The unprecedented measures being taken worldwide to control the COVID-19 epidemic are giving the average person much more free time, solitude, and anxiety than they probably planned on having during this otherwise beautiful early Springtime. Many of us are using our unexpected time to pursue hobbies, get back in touch with friends, learn a new skill or focus on our health and fitness. Hopefully we also see opportunities each day to encourage ourselves and others, be it with logistical help, a chat or even a simple greeting. In this optimistic spirit, LGMS invites you to join our new Listening Club.
LGMS Listening Club is a new series we hope will be both enjoyable and informative for readers who’d like to learn more about what’s coined as “Western Art Music” or “Classical Music.” It has a problematic reputation of being high-brow and excessively complex, so we’d like Listening Club to dispel this myth, inform our readers so they feel prepared to listen to art music, and help our undisputed favorite genre of music reach a wider audience.
Many people who enjoy art music already may not be aware of its diversity. It surprises most people to learn that something as simple as calling this genre “Classical Music” isn’t quite correct. Technically, the Classical period was only about 70 years long, and while well-known composers like Mozart and Beethoven wrote during this time, most other popular composers such as Bach, Debussy and Tchaikovsky don’t belong to this period at all. More on that later.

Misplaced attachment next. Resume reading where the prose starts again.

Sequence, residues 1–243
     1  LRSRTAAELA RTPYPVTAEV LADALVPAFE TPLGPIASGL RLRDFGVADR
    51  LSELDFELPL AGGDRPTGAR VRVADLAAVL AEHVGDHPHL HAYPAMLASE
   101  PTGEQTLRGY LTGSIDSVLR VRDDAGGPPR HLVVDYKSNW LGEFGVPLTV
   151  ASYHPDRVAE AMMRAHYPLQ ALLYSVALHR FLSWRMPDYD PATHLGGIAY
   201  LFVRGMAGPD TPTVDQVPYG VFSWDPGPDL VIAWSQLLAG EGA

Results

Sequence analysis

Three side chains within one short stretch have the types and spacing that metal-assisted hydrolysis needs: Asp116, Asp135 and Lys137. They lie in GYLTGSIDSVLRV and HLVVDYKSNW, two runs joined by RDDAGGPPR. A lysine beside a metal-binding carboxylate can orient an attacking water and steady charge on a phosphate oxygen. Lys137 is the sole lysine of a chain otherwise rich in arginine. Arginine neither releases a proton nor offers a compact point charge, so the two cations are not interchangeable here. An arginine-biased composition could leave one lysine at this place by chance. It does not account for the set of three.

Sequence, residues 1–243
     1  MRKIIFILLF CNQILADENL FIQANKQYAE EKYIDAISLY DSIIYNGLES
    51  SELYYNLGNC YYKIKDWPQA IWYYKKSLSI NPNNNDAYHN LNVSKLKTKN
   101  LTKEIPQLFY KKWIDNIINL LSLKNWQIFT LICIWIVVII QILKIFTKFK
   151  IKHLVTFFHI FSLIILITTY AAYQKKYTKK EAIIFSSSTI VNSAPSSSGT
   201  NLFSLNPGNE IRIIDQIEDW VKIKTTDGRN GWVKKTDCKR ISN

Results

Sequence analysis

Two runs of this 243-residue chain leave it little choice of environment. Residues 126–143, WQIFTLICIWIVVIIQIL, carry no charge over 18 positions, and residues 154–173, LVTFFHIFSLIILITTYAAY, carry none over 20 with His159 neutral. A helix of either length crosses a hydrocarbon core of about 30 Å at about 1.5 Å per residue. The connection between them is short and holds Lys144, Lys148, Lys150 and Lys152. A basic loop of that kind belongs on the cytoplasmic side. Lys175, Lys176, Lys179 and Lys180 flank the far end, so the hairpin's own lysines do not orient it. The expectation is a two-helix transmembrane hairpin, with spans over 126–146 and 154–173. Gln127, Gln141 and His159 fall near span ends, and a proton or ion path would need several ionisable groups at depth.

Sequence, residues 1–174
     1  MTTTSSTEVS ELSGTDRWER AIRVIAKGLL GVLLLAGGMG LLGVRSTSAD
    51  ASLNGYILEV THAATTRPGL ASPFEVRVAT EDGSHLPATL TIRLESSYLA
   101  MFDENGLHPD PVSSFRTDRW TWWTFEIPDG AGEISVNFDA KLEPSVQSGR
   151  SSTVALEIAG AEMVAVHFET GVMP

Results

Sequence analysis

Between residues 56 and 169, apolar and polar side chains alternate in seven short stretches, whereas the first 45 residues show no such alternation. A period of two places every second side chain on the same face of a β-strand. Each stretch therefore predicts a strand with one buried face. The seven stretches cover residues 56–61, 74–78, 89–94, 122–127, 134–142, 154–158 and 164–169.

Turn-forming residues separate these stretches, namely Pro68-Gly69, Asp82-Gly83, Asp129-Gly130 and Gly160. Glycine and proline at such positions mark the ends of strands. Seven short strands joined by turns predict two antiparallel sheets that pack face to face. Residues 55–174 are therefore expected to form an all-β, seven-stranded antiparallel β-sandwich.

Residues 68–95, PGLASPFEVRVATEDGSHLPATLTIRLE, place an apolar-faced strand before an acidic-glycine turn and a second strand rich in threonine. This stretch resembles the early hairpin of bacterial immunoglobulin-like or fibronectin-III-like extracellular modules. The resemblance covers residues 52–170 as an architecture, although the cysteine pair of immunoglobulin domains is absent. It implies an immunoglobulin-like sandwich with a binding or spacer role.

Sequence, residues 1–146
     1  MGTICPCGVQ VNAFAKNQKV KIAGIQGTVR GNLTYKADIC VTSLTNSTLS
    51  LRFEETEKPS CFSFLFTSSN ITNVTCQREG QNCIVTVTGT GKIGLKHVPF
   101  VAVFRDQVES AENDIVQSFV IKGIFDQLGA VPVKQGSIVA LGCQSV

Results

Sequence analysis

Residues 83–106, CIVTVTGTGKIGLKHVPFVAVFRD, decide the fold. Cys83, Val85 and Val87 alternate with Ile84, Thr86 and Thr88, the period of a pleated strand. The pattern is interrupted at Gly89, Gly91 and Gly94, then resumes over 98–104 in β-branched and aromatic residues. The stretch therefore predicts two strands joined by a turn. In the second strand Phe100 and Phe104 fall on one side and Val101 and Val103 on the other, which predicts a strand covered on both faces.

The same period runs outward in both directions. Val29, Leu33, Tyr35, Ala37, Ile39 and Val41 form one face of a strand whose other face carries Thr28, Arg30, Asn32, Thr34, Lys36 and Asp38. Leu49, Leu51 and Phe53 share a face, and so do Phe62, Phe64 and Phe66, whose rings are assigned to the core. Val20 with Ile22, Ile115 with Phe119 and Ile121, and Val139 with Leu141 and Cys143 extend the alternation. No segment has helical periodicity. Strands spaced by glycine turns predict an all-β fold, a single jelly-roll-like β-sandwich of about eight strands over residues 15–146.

The average song on the radio is 3 minutes long, whereas the average symphonic work has several parts and lasts between 30 and 50 minutes. Most operas and ballets are still longer. Even a classically trained musician needs to listen actively, using background knowledge about the art form, to maintain interest for that long. We’ll outline a robust variety of tools with which any and all listeners can practice active listening and enjoy music more.
Listening Club posts will explore one work of art music per post, and will attempt to give equal attention to contextual/theoretical elements and to the more intuitive reasons we enjoy that particular work. We will write so that the post can be read while listening to that work. We will recommend some recordings that we enjoy since several exist of the same work, but any recording you prefer will be fine. The more recordings you listen to, the more evident the performer’s interpretive choices will become. This is when art music gets the most interesting, when many people interpret the same piece of music and manage to make it sound different than how anyone else plays it!
We hope you enjoy Listening Club, and we are open to suggestions for works to feature and topics to cover. Please use our contact page to submit your suggestions and requests. We hope out readers emerge from the isolation period knowing a bit more about art music and curious to explore it further!